A unified theory for the atmospheres of the hot and very hot Jupiters: two classes of irradiated atmospheres.
FORTNEY J.J., LODDERS K., MARLEY M.S. and FREEDMAN R.S.
Abstract (from CDS):
We highlight the importance of gaseous TiO and VO opacity on the highly irradiated close-in giant planets. The day-side atmospheres of these planets naturally fall into two classes that are somewhat analogous to the M- and L-type dwarfs. Those that are warm enough to have appreciable opacity due to TiO and VO gases we term ``pM class'' planets, and those that are cooler we term ``pL class'' planets. We calculate model atmospheres for these planets, including pressure-temperature profiles, spectra, and characteristic radiative time constants. We show that pM class planets have temperature inversions (hot stratospheres), appear ``anomalously'' bright in the mid-infrared secondary eclipse, and feature molecular bands in emission rather than absorption. From simple physical arguments, we show that they will have large day/night temperature contrasts and negligible phase shifts between orbital phase and thermal emission light curves, because radiative timescales are much shorter than possible dynamical timescales. The pL class planets absorb incident flux deeper in the atmosphere where atmospheric dynamics will more readily redistribute absorbed energy. This will lead to cooler day sides, warmer night sides, and larger phase shifts in thermal emission light curves. The boundary between these classes (∼0.04-0.05 AU from a Sun-like primary for solar composition) is particularly dependent on the incident flux from the parent star, and less so on other factors. We apply these results to several planets and note that the eccentric transiting planets HD 147506b and HD 17156b alternate between the classes. Thermal emission in the optical from pM class planets is significant redward of 400 nm, making these planets attractive targets for optical detection. The difference in the observed day/night contrast between υ And b (pM class) and HD 189733b (pL class) is naturally explained in this scenario.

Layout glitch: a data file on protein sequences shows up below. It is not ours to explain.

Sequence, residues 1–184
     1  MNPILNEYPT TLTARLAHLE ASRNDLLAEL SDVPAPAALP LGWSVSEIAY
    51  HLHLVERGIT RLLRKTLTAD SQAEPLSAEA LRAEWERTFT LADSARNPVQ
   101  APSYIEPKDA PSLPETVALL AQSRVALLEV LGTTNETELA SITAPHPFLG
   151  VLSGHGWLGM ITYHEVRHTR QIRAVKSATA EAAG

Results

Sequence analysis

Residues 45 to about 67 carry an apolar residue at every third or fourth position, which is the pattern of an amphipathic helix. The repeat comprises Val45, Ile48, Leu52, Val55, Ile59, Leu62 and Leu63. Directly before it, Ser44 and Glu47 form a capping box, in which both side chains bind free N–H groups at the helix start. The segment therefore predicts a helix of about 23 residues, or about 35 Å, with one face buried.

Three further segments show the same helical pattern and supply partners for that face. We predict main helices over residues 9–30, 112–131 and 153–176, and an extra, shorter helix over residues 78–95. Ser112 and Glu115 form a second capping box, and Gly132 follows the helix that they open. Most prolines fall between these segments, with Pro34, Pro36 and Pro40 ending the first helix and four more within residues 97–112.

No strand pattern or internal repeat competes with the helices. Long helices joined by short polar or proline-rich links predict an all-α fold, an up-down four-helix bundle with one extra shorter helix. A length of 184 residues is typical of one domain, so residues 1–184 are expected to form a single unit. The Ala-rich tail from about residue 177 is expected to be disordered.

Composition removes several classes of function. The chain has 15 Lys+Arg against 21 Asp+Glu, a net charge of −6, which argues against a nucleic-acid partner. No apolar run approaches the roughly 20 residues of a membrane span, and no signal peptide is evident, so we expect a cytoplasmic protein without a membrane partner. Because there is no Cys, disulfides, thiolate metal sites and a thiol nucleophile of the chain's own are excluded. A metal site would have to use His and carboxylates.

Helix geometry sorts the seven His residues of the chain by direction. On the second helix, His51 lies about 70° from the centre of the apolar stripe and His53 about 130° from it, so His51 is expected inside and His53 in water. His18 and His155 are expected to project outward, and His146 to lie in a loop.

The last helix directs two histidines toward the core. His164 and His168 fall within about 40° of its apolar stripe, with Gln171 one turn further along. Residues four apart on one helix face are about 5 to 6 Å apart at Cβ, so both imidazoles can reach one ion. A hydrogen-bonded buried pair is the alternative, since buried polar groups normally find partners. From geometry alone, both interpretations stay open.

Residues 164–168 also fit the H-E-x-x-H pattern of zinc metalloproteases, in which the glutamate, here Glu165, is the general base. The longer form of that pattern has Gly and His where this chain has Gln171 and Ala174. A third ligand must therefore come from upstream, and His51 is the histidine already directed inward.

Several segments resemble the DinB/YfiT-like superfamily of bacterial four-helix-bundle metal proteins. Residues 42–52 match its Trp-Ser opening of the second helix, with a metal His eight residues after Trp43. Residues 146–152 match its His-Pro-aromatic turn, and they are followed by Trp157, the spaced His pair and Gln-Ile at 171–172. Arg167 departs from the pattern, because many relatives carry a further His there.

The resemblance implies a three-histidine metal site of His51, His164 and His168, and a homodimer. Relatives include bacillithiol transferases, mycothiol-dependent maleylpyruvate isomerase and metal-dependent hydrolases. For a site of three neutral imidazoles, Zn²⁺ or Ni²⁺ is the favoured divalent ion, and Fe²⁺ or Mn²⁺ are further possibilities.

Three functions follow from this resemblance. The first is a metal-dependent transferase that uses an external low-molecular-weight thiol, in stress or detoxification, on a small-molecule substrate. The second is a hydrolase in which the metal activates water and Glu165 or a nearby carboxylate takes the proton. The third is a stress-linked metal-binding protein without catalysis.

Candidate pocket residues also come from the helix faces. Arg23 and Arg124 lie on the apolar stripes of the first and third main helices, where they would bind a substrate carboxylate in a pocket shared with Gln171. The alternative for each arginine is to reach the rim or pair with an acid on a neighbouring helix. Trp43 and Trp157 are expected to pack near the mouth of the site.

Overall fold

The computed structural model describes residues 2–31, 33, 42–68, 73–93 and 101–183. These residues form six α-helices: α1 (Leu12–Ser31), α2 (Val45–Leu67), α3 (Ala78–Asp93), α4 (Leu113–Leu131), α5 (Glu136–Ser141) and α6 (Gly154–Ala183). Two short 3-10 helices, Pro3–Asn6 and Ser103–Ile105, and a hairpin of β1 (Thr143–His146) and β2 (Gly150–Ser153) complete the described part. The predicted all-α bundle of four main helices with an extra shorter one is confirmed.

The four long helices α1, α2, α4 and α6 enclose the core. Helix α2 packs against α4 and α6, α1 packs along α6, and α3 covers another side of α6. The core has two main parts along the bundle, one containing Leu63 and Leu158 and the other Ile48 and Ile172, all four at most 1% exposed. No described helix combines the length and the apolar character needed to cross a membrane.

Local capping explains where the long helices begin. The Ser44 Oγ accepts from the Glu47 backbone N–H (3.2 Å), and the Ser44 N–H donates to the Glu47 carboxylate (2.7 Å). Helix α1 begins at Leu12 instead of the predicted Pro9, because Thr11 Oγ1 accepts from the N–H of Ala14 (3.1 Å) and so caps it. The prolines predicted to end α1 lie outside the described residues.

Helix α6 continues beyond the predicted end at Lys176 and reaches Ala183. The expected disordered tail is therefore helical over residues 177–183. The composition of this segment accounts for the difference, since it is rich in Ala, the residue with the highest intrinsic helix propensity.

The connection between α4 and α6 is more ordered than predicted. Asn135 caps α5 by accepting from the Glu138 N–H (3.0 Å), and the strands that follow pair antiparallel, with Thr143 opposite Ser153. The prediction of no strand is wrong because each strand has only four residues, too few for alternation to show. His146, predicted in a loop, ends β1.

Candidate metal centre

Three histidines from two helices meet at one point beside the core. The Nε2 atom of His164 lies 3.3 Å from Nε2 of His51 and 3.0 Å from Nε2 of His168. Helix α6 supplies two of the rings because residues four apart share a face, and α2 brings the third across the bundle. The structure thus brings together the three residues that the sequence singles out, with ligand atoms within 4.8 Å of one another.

Stars: Planetary Systems - Radiative Transfer